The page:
There is a tendency in the mainstream media to attribute nearly unlimited political prowess to Senate Majority Leader Mitch McConnell (R-Ky.). Certainly, his hard-line gamesmanship has worked to fill the courts (and two slots on the Supreme Court) with conservative judges. Beyond that? He failed to repeal the Affordable Care Act, and he routinely gets boxed about the ears by House Speaker Nancy Pelosi (D-Calif.), as she did again in achieving — with a strong assist from Senate Minority Leader Charles E. Schumer — many (but not all) of Democrats’ aims in the coronavirusrelief package passed last week. McConnell’s hard line collapsed, and then he really made a mess of things.

In rejecting the plea of governors and mayors for additional funding to make up for huge expenditures and revenue shortfalls stemming from the coronavirus, McConnell made himself a target. Suggesting states go bankrupt instead only added fuel to the fire of governors. In this case, the outrage over McConnell is bipartisan, which was entirely predictable given that senators are desperate to fund fire, police and other essential services back home. (Seriously, what could McConnell have been thinking?) . . .

Predictably, McConnell’s intention to stiff state and local workers (who are at risk of getting laid off) and essential services did not go down well with his own members. CNN reports: “A number of Senate Republicans are publicly and privately expressing an openness toward a new round of funding to cash-strapped state and local governments, even as Senate Majority Leader Mitch McConnell floated the possibility of states declaring bankruptcy rather than receive more federal aid.” These include rock-ribbed Republicans such as Sens. Mike Braun (Ind.) and Bill Cassidy (La.), further proof that deficit hawks never object to spending on things they like. . . .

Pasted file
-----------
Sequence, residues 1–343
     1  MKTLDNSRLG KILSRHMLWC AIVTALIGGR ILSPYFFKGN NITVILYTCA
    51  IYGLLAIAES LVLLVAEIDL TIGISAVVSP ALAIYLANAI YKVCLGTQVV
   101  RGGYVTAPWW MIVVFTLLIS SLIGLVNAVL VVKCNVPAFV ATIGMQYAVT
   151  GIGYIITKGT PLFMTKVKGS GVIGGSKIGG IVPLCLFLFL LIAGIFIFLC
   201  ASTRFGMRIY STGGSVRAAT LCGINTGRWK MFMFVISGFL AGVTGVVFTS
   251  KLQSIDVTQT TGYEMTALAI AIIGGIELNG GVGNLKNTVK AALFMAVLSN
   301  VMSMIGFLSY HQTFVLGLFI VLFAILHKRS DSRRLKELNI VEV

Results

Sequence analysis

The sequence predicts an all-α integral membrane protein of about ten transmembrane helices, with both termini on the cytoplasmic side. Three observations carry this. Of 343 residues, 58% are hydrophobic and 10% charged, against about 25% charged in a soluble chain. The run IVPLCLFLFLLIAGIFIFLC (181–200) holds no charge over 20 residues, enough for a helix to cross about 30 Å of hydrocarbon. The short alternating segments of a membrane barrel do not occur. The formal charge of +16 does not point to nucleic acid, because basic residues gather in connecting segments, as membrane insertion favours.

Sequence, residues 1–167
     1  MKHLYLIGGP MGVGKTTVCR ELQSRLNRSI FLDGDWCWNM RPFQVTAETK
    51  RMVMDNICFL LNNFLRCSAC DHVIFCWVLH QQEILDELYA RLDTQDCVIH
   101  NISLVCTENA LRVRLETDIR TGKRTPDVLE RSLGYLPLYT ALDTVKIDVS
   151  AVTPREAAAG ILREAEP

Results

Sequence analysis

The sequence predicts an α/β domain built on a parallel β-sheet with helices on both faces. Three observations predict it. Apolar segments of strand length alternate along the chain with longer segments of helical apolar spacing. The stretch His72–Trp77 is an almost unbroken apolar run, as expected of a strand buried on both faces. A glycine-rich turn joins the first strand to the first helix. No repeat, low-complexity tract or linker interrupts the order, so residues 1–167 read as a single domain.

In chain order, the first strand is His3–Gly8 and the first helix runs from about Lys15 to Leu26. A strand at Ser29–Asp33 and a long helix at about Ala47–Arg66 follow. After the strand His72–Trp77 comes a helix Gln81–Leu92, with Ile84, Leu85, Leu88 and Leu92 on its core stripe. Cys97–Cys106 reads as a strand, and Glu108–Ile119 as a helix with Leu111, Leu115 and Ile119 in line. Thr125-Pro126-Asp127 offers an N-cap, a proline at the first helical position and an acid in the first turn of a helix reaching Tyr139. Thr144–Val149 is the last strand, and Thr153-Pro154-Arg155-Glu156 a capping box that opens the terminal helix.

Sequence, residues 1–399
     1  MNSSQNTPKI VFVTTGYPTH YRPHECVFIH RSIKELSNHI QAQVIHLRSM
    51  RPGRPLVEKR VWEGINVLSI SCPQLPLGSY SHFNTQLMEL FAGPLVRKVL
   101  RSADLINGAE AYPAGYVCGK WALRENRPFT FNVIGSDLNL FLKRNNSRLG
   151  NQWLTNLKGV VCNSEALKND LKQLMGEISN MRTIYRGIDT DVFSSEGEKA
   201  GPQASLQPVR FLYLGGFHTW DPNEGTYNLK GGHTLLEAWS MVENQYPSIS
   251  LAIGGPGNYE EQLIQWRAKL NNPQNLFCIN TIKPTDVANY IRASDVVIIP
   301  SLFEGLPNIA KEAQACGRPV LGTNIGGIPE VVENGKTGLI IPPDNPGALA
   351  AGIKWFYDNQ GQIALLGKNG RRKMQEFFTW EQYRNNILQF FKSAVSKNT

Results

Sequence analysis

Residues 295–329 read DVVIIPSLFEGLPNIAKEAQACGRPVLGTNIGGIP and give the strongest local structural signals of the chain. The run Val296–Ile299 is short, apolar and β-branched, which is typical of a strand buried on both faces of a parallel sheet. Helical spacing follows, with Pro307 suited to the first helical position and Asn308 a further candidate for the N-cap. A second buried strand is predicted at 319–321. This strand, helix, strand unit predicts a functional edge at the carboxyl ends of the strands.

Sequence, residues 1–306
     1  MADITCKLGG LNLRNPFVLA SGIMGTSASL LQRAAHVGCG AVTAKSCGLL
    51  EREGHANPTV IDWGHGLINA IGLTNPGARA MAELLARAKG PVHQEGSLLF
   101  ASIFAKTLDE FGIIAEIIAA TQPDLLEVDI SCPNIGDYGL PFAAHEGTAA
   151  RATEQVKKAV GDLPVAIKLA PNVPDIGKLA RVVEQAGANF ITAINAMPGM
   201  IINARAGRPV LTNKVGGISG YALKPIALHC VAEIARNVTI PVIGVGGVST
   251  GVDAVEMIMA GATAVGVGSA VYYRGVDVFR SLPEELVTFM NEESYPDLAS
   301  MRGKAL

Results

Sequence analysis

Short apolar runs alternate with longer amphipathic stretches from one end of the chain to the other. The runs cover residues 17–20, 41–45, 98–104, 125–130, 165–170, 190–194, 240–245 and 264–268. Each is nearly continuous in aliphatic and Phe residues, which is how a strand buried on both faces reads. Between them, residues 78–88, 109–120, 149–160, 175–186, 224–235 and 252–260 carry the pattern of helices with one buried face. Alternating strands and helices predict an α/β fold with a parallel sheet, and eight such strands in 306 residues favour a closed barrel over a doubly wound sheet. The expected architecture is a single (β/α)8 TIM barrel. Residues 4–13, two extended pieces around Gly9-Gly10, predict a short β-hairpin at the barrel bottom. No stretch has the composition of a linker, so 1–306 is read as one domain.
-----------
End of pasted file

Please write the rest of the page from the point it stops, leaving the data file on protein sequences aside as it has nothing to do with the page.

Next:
McConnell has tied himself to Trump’s mast, but on this one the president may not even agree with him. Trump apparently is open to helping the states. (Cuomo’s visit to the White House last week apparently paid off.) In any event, McConnell can read the polls — Trump is sinking, his Senate majority is at risk and he has a well-financed challenger in Amy McGrath.

Given all that it’s an odd strategy to declare you have no interest in bringing home relief to, as Pelosi describes them, “health care workers and public hospitals and the rest, police and fire, emergency services folks, first responders, our teachers, our teachers, our teachers, transit workers who enable people, the essential workers to get to work.” Perhaps McConnell has been in Washington too long and has gotten badly out of touch — even with Republicans.

MAGA Hypocrisy

Political Cartoon is by Lalo Alcaraz at

No Evidence

Sunday, April 26, 2020

The Afterlife We Should Worry About

Unemployment Qualifications/Benefits Vary In The States

The charts above are from the Pew Research Center. They show how unemployment qualifications and benefits vary from state to state. The United States doesn't have a national unemployment system. It has 50 different unemployment systems, with each state determining who can get unemployment benefits, how much they can get, and how long they can get it.